These newly "saved" folks become active in the church by joining committees, becoming deacons, and vote at business meetings on spiritual matters

    OR

    they fall away and never return.
     
  20. Kiffin

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    I must say that I am not in agreement with Draper. I guess I would be considered a "young" pastor by some (I turn 40 this week). I hold a position in my local association. Matter of fact if you attend your local association meetings on a regular basis sooner or later you will end up getting elected to something since probably only 25-33% pastors attend these meetings.

    Actually I think new Methology is being pushed down our throats. I cannot understand why the SBC pushes many Evangelistic programs that are designed for Mega Churches when the average SBC church runs under 100 in attenedance. In my local association we have I believe 19 churches. Only 3 of them run over 100 and one of those I believe has over 200. The majority of the remaining 16 churches averages between about 20-60 in attendance. And what does the La. Baptist Convention promote? 40 Days of Purpose! A program that is designed for LARGE churches not churches running our numbers.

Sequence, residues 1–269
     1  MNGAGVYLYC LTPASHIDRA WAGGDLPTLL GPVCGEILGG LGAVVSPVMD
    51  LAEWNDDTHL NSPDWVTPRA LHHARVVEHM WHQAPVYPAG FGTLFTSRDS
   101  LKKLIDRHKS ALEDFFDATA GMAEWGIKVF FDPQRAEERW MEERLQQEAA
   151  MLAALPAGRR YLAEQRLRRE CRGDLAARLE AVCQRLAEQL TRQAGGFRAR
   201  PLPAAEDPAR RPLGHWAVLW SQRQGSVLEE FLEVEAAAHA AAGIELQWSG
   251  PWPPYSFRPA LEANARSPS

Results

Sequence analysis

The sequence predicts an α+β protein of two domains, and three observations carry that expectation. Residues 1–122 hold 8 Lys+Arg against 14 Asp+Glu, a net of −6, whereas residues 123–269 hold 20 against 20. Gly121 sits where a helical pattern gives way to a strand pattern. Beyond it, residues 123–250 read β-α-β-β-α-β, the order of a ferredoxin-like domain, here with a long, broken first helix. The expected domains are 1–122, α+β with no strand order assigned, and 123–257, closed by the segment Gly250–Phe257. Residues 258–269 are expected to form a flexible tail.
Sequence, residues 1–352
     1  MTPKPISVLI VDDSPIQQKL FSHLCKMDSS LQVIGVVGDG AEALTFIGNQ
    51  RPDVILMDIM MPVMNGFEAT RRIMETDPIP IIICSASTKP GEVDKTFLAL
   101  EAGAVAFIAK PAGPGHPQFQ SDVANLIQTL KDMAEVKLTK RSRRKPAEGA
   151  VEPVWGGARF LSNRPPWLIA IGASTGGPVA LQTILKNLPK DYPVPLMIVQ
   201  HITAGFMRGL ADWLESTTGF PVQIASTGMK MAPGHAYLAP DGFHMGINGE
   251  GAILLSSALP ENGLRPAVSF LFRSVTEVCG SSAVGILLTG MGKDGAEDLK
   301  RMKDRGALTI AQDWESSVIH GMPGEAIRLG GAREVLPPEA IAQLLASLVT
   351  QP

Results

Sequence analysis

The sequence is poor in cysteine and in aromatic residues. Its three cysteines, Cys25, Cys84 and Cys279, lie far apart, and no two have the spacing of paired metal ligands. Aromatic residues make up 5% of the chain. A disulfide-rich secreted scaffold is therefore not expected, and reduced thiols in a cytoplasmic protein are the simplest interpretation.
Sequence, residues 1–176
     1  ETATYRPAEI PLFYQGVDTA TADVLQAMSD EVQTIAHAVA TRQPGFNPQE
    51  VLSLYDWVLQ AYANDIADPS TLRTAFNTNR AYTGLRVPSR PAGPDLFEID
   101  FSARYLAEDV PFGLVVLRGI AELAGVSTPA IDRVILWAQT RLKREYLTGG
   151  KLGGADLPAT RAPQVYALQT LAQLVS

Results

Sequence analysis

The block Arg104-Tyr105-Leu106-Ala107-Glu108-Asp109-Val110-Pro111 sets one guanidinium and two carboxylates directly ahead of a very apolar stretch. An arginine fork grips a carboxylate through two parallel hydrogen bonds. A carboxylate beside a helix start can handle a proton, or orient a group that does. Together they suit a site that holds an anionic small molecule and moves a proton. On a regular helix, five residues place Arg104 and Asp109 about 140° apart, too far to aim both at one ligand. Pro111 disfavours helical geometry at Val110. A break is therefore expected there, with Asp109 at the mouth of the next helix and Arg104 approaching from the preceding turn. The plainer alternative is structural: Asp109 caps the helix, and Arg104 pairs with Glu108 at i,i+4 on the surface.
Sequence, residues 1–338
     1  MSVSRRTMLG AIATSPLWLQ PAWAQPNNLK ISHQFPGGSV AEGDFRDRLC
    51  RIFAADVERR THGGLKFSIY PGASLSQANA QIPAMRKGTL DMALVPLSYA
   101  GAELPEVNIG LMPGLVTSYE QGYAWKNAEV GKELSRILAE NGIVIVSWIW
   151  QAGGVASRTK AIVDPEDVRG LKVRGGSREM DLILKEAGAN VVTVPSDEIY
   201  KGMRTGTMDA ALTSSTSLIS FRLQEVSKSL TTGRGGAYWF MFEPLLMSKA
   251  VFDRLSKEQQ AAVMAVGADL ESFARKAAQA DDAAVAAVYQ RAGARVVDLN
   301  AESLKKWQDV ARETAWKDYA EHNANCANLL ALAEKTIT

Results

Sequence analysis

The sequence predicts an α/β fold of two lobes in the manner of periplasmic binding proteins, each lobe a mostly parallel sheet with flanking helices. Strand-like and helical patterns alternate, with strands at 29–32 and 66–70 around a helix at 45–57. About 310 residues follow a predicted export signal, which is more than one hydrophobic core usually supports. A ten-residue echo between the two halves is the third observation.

The heart of the SBC problem is NOT that 10,000 Southern Baptist churches did not baptize a single person last year. The heart of the problem is as Major B states "the hordes of unregenerate church members". If I am not mistaken do not only 3 out of 10 Southern Baptists attend Church? That issue needs to be addressed first.

    Also is not Lifeway part of the problem also? I must say that I think Lifeway provides at best mediocre education material (Though in fairness this Quarter it is greatly improved). Why does not Lifeway emphasize Baptist History more or the Reformation? How many Southern Baptists even know who John Smyth, Thomas Helwys, John Bunyan, William Kiffin or John Gill are? It is a disgrace! Yet Catholics are taught who St. Francis and Teresa Avila are and Methodists are taught on John Wesley. Much of the Fault is with Lifeway and Dr. Draper in that most Southern Baptists know little of the Protestant Reformation or Baptist heritage. I think Draper misses the mark.